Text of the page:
Thy thoughtless heart is doom'd to find
An unrelenting foe.
'Tis thus, the infant Forest flow'r
Bespangled o'er with glitt'ring dew,
At breezy morn's refreshing hour,
Glows with pure tints of varying hue,
Beneath an aged oak's wide spreading shade,
Where no rude winds, or beating storms invade.
Transplanted from its lonely bed,
No more it scatters perfumes round,
No more it rears its gentle head,
Or brightly paints the mossy ground;
For ah! the beauteous bud, too soon,
Scorch'd by the burning eye of day;
Shrinks from the sultry glare of noon,
Droops its enamell'd brow, and blushing, dies away.
Robert William Service |
The cruel war was over -- oh, the triumph was so sweet!
We watched the troops returning, through our tears;
There was triumph, triumph, triumph down the scarlet glittering street,
And you scarce could hear the music for the cheers.
And you scarce could see the house-tops for the flags that flew between;
The bells were pealing madly to the sky;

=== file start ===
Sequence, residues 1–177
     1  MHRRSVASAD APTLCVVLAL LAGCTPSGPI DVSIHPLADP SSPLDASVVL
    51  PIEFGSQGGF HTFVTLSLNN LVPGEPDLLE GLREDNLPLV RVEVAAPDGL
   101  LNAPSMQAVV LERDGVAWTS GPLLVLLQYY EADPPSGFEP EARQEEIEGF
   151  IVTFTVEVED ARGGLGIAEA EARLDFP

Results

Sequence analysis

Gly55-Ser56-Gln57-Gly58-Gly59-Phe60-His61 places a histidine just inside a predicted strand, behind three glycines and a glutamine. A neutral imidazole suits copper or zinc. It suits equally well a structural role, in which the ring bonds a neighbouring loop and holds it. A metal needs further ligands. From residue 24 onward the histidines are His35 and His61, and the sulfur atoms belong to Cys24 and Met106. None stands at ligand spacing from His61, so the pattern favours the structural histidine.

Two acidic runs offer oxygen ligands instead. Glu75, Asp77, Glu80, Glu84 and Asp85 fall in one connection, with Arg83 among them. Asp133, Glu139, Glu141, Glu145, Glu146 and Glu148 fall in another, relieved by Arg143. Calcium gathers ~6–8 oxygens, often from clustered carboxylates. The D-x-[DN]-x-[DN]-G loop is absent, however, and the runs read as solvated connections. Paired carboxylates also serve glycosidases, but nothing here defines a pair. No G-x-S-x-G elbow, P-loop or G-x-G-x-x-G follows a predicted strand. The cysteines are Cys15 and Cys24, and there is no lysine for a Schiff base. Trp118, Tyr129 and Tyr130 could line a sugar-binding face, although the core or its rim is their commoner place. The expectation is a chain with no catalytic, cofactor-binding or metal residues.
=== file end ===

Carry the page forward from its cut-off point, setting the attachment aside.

And everyone was shouting for the Soldiers of the Queen,
And the glory of an age was passing by.
And then there came a shadow, swift and sudden, dark and drear;
The bells were silent, not an echo stirred.
The flags were drooping sullenly, the men forgot to cheer;
We waited, and we never spoke a word.
The sky grew darker, darker, till from out the gloomy rack
There came a voice that checked the heart with dread:
"Tear down, tear down your bunting now, and hang up sable black;
They are coming -- it's the Army of the Dead.
They were coming, they were coming, gaunt and ghastly, sad and slow;
They were coming, all the crimson wrecks of pride;
With faces seared, and cheeks red smeared, and haunting eyes of woe,